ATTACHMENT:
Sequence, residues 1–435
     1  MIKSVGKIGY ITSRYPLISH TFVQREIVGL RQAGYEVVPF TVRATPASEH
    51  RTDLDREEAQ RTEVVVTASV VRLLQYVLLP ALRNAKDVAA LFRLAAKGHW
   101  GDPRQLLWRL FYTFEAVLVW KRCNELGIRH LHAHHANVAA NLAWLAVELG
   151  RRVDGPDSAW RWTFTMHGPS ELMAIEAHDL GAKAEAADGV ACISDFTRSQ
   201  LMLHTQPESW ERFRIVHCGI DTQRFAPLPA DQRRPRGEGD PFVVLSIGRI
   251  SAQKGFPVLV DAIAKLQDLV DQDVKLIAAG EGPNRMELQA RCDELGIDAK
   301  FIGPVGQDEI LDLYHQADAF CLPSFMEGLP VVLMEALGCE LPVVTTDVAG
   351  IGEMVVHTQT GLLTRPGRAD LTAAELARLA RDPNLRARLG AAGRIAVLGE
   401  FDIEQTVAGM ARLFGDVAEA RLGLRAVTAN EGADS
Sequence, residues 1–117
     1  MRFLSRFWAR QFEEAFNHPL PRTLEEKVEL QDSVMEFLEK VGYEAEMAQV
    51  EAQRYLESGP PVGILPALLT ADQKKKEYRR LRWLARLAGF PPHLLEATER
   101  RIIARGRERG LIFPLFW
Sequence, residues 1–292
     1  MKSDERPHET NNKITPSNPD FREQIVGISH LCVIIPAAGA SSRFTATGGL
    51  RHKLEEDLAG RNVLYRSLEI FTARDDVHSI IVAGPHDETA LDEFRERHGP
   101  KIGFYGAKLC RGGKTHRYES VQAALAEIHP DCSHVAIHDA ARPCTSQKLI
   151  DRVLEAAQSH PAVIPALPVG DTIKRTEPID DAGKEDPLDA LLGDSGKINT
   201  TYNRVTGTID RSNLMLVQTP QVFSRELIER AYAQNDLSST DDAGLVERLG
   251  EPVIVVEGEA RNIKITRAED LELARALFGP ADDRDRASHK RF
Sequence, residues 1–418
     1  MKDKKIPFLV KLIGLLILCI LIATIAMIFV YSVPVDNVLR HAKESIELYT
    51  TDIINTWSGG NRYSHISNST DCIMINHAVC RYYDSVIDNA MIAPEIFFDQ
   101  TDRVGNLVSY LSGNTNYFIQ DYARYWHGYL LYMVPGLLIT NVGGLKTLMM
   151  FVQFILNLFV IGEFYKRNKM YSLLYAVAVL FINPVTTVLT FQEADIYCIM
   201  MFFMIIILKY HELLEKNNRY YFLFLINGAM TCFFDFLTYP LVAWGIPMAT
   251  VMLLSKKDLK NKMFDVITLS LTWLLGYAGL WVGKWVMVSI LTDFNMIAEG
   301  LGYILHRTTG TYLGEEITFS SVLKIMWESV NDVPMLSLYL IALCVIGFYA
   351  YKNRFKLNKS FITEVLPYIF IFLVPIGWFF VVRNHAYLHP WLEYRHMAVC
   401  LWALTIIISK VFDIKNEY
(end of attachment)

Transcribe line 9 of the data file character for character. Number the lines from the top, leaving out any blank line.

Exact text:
   351  IGEMVVHTQT GLLTRPGRAD LTAAELARLA RDPNLRARLG AAGRIAVLGE